- Establish metrics and track behavior changes. Just as manufacturers meticulously track physical safety on their shop floors, companies should track emotional or psychological safety in their knowledge environments. As a starting point, companies can use surveys and interviews to ask employees whether they believe the company has clearly articulated that emotional safety and psychological safety are goals and whether they understand how to create such safety.
Learning more: About the Study
Thirty-one teams, composed primarily of people with managerial responsibilities, participated in a ten-week mindfulness training program that was specifically adapted to the work context. The study focused on investigating whether a team’s collective intelligence can be enhanced by mindfulness training of its members.
To measure collective intelligence, we used a set of four diverse tasks developed for this purpose by the MIT Center for Collective Intelligence:
- Moral Reasoning. Teams received a case study of a problem that presented conflicting interests among several parties. We asked the teams to determine, from an ethical perspective, the most suitable solution for all parties. Responses were scored by the degree to which the groups considered the balance of competing perspectives in the problem.
- Creativity. Teams had to build a complex Lego structure while taking into consideration tight constraints relating to size, quality, and aesthetics. The resulting Lego structure was scored on the accuracy of meeting those constraints.
- Output Optimization. Teams were scored after performing a shopping exercise in which they had to maximize the quantity and quality of goods purchased while minimizing the costs of goods and time spent shopping.
- Judgment. Teams had to estimate and agree upon quantities for 20 diverse questions (for example, “What was the highest recorded temperature in the US?”). Teams were scored based on the accuracy of their estimations.
The selection of the tasks was based on Joseph McGrath’s model of group tasks. This ensured that we covered major aspects of collective intelligence, such as decision making, task execution, generation of innovative ideas, and negotiation.
In the first session of the program, we randomly assigned one, or in some cases two, of the tasks to each team. We scored each team’s performance of its task. During this initial session, we also conducted an individual assessment of each team member’s mindfulness (using the “Five Facet Mindfulness Questionnaire”) and emotional intelligence (using the “Reading the Mind in the Eyes” test).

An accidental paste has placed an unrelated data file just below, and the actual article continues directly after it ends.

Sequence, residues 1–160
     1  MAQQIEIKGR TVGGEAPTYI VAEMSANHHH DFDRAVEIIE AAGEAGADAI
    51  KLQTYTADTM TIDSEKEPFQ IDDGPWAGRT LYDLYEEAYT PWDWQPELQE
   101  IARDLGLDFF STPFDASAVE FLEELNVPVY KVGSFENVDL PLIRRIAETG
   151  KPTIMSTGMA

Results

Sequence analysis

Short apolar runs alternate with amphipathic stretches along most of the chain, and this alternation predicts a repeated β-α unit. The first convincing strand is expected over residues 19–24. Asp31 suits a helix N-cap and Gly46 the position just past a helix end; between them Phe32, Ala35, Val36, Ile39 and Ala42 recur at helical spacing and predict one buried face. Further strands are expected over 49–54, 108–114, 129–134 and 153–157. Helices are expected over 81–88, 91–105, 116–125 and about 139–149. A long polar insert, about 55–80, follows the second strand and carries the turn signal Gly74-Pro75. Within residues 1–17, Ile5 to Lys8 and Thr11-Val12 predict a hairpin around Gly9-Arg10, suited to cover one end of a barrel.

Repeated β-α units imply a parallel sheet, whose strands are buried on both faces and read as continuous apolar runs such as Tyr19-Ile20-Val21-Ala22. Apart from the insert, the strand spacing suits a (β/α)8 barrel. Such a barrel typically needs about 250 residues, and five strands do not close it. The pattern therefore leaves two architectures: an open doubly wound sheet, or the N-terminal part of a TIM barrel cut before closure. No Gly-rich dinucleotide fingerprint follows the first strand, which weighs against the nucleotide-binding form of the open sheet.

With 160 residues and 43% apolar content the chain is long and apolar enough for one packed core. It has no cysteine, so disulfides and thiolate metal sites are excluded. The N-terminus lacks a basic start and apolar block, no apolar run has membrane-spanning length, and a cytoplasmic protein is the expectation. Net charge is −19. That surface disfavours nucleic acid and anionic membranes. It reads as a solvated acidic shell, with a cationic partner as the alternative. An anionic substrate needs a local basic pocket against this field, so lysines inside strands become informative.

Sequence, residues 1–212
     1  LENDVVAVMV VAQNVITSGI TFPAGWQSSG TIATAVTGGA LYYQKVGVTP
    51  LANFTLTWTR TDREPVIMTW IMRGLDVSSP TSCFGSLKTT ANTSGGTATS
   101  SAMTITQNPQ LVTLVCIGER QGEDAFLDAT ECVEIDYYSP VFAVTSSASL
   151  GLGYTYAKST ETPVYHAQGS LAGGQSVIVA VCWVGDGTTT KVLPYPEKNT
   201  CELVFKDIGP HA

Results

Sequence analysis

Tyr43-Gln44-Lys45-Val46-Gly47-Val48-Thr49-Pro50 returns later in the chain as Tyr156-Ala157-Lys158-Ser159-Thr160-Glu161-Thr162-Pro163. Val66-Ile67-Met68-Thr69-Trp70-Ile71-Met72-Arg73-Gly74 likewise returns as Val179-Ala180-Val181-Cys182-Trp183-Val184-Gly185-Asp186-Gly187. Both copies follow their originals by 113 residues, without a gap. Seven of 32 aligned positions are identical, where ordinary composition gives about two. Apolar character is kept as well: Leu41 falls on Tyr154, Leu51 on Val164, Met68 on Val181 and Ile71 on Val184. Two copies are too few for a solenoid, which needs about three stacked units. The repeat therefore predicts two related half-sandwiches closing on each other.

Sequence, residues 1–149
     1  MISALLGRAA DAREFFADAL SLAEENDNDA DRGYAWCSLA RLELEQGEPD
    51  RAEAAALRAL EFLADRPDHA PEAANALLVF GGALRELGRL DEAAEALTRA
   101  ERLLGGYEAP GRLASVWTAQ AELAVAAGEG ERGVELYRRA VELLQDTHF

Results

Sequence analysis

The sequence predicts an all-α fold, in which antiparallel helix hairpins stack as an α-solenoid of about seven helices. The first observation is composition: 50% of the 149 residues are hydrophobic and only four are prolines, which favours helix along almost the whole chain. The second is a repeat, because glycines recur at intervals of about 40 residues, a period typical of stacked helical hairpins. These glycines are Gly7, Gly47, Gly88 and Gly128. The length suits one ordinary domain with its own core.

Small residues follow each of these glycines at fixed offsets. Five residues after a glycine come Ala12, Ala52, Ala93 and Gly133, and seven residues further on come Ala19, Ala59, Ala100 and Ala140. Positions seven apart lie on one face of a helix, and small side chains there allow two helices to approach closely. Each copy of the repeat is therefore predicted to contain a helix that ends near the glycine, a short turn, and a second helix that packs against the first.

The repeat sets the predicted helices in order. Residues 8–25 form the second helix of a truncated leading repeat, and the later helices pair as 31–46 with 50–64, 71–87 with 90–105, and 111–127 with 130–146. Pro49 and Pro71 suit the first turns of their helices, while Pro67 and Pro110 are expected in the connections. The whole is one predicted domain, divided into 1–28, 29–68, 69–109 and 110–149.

In the final session of the mindfulness program, we repeated the process. We asked each team to perform one or two of the tasks that it had not previously performed. We then scored its performance on the new task and conducted another assessment of mindfulness and emotional intelligence.
At the conclusion of the study, we used the arithmetic mean of the improvement of teams’ performance scores for the four tasks to determine the increase in collective intelligence. We also correlated the results of the individual assessments of mindfulness and emotional intelligence to determine the extent to which these two attributes are associated and predict collective intelligence.
About the Authors
Christian Greiser is a managing director and senior partner in the Düsseldorf office of Boston Consulting Group. You may contact him by email at email@example.com. Jan-Philipp Martini is a consultant in BCG’s Düsseldorf office, supporting clients around the world on enterprise-wide agile transformations. You may contact him by email at firstname.lastname@example.org. Liane Stephan is a co-founder and managing director of Awaris. You may contact her by email email@example.com. Chris Tamdjidi is a co-founder and managing director of Awaris and is responsible for the organization’s efforts relating to neuroscience research and technology. You may contact him by email at firstname.lastname@example.org.
It’s a common dilemma. There never seems to be enough time. In my twenties and well into my thirties this was a frequent complaint of mine. “I just don’t have enough time”! Or “I will when I find the time.” As if time was playing hide and seek with me and I just needed to keep looking for it.